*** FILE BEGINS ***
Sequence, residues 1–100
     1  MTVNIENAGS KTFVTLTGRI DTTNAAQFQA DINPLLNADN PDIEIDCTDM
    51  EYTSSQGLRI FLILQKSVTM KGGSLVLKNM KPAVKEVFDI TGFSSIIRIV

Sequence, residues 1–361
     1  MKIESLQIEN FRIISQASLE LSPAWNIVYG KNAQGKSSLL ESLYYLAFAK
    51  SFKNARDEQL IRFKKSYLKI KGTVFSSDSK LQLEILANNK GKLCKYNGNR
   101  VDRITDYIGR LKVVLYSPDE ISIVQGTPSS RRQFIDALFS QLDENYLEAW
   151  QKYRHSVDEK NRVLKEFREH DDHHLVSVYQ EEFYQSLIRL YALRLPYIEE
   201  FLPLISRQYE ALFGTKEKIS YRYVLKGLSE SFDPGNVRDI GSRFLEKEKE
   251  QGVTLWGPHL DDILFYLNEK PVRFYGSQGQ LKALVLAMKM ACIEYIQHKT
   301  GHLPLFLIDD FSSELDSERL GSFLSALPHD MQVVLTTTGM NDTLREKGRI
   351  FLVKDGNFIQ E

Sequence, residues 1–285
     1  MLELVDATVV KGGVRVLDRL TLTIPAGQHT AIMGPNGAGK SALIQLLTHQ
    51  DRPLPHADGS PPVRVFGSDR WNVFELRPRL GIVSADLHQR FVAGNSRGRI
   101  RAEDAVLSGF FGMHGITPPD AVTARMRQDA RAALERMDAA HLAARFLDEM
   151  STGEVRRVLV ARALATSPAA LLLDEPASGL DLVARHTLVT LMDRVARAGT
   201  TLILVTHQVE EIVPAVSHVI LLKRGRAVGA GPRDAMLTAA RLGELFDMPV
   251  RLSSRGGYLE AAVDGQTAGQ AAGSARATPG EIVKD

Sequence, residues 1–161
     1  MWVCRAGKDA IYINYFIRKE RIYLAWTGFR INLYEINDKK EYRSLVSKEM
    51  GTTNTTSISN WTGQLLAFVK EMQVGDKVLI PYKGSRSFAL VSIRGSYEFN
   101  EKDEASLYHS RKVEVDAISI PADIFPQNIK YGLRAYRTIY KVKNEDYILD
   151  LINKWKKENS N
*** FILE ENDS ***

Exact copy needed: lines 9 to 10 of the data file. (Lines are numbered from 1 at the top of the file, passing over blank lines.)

   201  FLPLISRQYE ALFGTKEKIS YRYVLKGLSE SFDPGNVRDI GSRFLEKEKE
   251  QGVTLWGPHL DDILFYLNEK PVRFYGSQGQ LKALVLAMKM ACIEYIQHKT